Integrated pest management (IPM) is an effective and environmentally friendly approach to pest management [16]. Sustainable and effective agricultural pest management techniques are important to the continued development of alternative pest management strategies [17]. IPM techniques protect the natural enemies of pest insects and aid in the restoration of ecosystem activities [18]. This approach takes advantages of all appropriate pest management options, including the judicious use of pesticides. Organic food production employs similar methods to IPM but precludes the use of pesticides that are produced from synthetic chemicals [19]. Notwithstanding this, at a community level worldwide, chemical pesticides have played a vital role in providing an abundant and inexpensive food source [20]. Despite this, the persistent use and overuse of chemicals in non-IPM treated farming systems have resulted in a number of adverse environmental problems [21]. For local farmers, continuing education and training play a vital role in advancing their knowledge of IPM practices and the adverse impacts agrochemicals can have on the rice ecosystem. Certain IPM practices have been shown to significantly increase yields while also increasing environmental and economic benefits. In the long run, IPM can be a better pest management strategy than chemical control alone [19]. IPM and farmers practices both are important for the protection of sustainable environment with rice yield. We conclude that the effect of IPM on the yield components would be further researched substantively in this region.

2. Materials and Methods

2.1. Geographical Position

The field experiment was conducted in the Barisal region of Bangladesh in 2010. Barisal is located in southern Bangladesh and encompasses an area of approximately 3,000 square kilometers. Barisal is bounded by Madaripur, Shariatpur, Chandpur, and Lakshmipur districts to the north; Patuakhali, Barguna, and Jhalokati districts to the south; Bhola and Lakshmipur districts to the east; Jhalokati, Pirojpur, and Gopalganj districts to the west. Our field site was located at 22.7000°N 90.3667°E and covers a total area of 324.41 km2 [22].

2.2. Farmer’s Land Selection

To determine an appropriate field site a preliminary meeting was organized with farmers and personnel of the DAE in 2010 at their office in Barisal Sadar of Bangladesh. At this meeting, an observation was made of farmer’s ongoing practices within their rice ecosystems. The experiment site was selected based on uniformity of cropland, the presence of major rice insects, cultivated rice varieties, and transplanting season. Yellow stem borer was considered as the major rice pest for this study. To maintain a degree of food security the Bangladesh Rice Research Institute (BRRI) releases numerous rice cultivars. Among these, BRRI dhan 28 and BRRI dhan 29 are popular among local farmers in the Barisal region due in part to yield performance during the Boro season (November to February). BRRI dhan 29 seed was supplied to the farmers for seedling preparation. Agronomic practices were applied according to guidelines established by the Bangladesh Rice Research Institute (BRRI) (Table 2). These practices include land preparation, fertilizer application, irrigation, and hand weeding. All documented practices in each plot were similar to the farmer’s preexisting practices (Table 2). Insects’ egg mass collection, perching, sweeping, and ETL based insecticides application are the most recognized components of an IPM strategy in rice agroecosystems (Table 1).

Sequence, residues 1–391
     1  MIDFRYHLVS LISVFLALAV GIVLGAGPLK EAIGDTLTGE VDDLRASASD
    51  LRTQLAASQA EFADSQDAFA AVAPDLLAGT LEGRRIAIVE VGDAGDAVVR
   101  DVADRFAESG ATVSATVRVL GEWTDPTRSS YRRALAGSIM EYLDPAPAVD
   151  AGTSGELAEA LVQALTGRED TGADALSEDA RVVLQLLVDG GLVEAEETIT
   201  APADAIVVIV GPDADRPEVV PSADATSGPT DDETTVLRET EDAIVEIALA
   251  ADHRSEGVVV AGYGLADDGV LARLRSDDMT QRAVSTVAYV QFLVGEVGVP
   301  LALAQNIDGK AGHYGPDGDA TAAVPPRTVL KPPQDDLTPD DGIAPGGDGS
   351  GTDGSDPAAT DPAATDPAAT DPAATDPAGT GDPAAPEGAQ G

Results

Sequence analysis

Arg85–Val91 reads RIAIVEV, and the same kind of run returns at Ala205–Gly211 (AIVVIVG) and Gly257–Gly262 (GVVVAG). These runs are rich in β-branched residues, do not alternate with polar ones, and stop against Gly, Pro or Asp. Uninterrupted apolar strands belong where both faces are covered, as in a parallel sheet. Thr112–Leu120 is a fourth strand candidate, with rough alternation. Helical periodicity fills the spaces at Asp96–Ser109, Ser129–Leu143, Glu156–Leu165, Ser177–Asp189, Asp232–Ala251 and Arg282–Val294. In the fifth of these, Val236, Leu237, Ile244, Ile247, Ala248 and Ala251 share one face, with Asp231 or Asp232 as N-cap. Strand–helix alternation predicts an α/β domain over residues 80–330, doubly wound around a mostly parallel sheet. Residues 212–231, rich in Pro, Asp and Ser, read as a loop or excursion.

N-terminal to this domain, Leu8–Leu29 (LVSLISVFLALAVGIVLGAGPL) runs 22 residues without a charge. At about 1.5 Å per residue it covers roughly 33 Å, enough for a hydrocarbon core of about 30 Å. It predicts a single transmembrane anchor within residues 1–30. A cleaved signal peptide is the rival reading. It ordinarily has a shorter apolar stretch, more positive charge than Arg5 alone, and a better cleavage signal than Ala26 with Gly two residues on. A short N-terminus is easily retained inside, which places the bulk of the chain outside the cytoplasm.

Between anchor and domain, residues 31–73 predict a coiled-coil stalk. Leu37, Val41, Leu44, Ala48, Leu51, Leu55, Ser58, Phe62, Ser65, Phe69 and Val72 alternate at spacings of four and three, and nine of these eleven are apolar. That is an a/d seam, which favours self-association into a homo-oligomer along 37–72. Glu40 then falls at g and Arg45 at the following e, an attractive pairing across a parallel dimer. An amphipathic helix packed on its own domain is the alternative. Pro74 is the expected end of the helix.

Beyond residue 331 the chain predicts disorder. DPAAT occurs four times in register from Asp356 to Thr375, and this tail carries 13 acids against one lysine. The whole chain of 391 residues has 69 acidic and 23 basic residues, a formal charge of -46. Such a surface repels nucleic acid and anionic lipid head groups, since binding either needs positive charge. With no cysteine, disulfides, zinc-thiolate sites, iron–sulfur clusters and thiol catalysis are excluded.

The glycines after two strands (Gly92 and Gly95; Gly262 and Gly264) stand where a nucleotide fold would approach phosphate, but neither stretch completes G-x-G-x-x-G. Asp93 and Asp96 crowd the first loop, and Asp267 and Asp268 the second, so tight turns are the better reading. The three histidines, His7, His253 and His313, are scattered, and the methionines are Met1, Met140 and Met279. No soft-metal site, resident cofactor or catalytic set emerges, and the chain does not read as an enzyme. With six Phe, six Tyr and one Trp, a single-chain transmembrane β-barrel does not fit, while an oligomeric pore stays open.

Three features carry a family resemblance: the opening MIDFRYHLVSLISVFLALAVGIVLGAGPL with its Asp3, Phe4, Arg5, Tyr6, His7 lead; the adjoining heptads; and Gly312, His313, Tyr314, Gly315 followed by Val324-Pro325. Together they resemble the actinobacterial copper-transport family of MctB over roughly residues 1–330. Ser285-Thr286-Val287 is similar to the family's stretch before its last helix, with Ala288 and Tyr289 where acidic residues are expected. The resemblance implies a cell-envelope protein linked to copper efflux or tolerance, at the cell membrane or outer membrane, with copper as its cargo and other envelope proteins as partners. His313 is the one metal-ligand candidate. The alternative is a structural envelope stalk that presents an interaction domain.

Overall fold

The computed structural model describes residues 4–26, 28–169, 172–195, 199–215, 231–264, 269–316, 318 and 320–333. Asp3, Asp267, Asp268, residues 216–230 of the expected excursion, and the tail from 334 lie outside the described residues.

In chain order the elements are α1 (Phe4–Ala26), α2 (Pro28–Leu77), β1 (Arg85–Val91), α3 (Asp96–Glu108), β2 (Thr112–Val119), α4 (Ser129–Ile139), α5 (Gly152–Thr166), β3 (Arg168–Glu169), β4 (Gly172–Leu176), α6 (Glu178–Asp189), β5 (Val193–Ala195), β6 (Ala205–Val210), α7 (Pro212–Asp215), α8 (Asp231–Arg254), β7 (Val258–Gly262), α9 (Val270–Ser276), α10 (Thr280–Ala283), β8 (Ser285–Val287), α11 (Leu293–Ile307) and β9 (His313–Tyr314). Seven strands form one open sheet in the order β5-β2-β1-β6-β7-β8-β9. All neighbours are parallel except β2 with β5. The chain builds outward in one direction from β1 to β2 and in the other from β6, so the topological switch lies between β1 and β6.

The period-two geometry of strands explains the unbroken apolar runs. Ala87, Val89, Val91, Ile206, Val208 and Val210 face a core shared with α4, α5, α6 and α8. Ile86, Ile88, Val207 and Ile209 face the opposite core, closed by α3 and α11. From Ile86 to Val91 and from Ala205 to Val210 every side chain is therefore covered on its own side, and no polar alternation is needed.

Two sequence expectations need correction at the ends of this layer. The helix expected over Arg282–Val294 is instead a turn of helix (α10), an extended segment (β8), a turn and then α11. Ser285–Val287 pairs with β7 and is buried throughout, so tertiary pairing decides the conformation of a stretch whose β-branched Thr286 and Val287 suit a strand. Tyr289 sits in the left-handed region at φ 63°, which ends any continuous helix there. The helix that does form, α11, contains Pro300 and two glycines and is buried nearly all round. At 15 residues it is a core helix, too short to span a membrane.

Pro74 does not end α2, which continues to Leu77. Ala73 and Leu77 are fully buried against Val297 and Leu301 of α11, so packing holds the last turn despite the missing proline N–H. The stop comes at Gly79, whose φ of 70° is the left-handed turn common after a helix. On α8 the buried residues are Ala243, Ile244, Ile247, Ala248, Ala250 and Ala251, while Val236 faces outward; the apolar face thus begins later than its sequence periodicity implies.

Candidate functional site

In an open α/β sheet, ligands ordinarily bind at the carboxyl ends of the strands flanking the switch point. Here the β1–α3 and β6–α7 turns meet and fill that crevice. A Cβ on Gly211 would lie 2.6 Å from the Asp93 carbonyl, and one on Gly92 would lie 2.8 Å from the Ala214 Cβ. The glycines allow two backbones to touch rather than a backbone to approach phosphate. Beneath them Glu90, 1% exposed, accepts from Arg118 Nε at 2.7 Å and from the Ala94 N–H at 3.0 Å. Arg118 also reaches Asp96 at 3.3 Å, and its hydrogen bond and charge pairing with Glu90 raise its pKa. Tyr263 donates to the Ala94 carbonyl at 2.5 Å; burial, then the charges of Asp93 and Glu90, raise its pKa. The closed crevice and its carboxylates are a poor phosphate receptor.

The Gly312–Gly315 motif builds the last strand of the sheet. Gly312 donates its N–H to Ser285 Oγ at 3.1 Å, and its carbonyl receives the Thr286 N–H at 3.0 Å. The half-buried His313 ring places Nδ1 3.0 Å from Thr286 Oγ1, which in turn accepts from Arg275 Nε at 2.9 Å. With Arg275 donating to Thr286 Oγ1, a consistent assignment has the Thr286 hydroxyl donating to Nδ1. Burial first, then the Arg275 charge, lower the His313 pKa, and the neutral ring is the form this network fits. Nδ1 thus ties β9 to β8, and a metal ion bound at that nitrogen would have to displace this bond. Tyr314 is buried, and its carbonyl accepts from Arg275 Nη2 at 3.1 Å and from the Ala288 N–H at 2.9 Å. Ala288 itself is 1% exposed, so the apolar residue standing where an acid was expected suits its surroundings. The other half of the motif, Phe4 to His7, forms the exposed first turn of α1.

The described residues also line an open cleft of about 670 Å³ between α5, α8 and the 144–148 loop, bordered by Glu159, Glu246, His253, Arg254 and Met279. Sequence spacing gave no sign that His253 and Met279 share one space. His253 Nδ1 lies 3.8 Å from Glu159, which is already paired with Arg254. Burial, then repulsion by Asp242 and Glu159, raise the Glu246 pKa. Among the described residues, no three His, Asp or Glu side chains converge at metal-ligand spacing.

TreatmentsDescription of each treatment

T1Collection of egg masses, sweeping, and perching: egg mass collection and sweeping both were employed at 7- and 15-day intervals, respectively; sweeping was over before flowering of rice plants; bamboo perching was put in the rice field 10 × 10 m distance as nest for keeping birds in the rice fields as biological agent

T2Collection of egg masses, sweeping, perching, and ETL based insecticides application: collection of egg masses, sweeping, and perching activities were similar to treatment one; the rate of insecticides (Cartap) application was 30 mL @ 10 L water and sprayed two times for the total duration of rice crops

T3Prophylactic insecticides application: only insecticides were applied for three times of the total duration of rice plant and dose was 40 mL @ 10 L water

T4Farmers’ practices: farmers’practices were what they understand to apply of insect’s management in the rice ecosystem; they did not follow egg mass collection and sweeping in their rice fields; they were mostly dependent on insecticide (Cartap) application for control of rice pests; the insecticide application rate was about 45 mL @ 10 L water and application frequency was 4 times for the total duration of rice plants

Number of tillage
processes during
land preparation
time (November)
Fertilizer application (g/decimal)WeedingSources of waters

Sarder ParaT14MidUrea 250, TSP 300, MOP400By handRain and flash flood water